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Crypto Assets Should Be Classified as Securities, Says European Parliament Study

Fredrik Vold
Last updated: | 1 min read
Source: AdobeStock / Sergey Kelin

A study commissioned by the European Parliament has proposed that all crypto assets should be treated as transferable securities by default.

To avoid being classified as a security, the study’s authors proposed that the intermediary behind a crypto asset can get an exemption from a national competent authority (NCA), meaning the relevant regulatory authority in an EU member state.

The study, published in May and written by researchers at universities in Europe and beyond, argued that such an approach is necessary due to the rapid pace of innovation in the crypto industry.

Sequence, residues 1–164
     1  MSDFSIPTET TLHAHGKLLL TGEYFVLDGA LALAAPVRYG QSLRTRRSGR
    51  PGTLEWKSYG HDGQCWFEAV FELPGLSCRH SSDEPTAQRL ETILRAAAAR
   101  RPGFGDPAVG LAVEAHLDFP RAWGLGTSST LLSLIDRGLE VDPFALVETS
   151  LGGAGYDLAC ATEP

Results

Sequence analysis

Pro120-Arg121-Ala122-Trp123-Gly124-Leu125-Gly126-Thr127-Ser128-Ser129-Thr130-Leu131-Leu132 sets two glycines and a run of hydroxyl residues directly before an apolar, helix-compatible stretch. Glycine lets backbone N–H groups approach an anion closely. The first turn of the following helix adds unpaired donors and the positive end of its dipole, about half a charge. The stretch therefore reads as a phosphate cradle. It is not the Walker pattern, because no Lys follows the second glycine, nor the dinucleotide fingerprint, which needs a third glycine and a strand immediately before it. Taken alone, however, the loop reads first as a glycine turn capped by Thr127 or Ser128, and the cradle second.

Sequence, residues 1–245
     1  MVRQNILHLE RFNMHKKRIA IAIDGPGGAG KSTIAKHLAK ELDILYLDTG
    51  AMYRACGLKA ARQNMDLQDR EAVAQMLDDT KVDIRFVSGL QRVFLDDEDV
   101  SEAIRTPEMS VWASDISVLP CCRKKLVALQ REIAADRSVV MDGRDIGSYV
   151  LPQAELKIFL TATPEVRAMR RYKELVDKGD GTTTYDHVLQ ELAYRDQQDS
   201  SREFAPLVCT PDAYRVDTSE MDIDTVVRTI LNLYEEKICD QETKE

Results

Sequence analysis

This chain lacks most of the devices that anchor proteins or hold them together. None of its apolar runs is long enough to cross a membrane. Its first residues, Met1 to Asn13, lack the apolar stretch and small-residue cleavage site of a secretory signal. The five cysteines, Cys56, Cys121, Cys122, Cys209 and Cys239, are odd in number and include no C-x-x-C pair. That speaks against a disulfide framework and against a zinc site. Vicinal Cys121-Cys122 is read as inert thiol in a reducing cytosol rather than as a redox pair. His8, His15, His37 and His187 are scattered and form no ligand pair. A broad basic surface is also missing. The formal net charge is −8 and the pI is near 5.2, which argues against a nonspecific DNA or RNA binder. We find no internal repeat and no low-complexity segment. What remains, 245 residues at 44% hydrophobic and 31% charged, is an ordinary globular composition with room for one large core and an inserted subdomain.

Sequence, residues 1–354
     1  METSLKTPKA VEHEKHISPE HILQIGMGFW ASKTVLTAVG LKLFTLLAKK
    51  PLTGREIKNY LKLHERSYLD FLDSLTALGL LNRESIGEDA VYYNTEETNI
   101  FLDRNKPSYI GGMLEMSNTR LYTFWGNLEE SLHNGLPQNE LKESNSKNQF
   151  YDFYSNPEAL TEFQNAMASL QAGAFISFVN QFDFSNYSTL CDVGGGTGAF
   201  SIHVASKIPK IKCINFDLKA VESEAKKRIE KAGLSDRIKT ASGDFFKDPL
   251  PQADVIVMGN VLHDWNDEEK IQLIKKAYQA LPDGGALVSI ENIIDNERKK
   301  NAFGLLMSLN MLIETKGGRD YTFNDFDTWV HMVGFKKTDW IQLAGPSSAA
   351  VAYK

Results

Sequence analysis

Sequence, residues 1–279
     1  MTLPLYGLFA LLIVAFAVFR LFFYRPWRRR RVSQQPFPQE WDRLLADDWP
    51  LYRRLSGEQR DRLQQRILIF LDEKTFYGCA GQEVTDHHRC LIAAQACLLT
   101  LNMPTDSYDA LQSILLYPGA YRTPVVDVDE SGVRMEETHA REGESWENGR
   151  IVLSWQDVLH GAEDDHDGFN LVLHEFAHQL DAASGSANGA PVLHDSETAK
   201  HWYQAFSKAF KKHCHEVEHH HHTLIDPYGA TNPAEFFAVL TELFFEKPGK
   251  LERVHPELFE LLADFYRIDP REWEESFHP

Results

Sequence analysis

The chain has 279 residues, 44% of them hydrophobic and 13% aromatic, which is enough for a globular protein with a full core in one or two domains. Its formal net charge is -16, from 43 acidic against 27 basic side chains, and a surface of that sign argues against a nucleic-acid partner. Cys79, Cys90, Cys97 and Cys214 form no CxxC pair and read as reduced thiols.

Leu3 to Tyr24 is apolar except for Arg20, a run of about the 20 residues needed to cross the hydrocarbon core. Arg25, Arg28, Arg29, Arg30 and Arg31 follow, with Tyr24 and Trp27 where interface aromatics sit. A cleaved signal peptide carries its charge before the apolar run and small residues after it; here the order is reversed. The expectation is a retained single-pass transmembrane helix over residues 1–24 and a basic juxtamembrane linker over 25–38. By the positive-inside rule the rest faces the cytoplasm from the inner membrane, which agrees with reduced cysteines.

Despite the EU’s MiCA regulations being signed into law just this week, the researchers expressed doubt regarding the feasibility of developing a comprehensive regulatory framework for crypto definitions at the EU level within a reasonable timeframe and with acceptable costs.

Furthermore, the study proposed a shift in the burden of regulatory compliance from national regulators to the entities that offer or facilitate trading of crypto assets.

It argued that this would streamline the regulatory process and hold those directly involved in crypto transactions accountable.

In line with US practice

The proposal appears to be largely in line with the established practice in the US, where the major regulatory agencies have hinted that only Bitcoin should be treated as a commodity for regulatory purposes.

Among those in the US who have spoken out on the issue is Securities and Exchange Commission (SEC) Chair Gary Gensler, who has argued that most crypto tokens – with the exception of Bitcoin – should be classified as securities.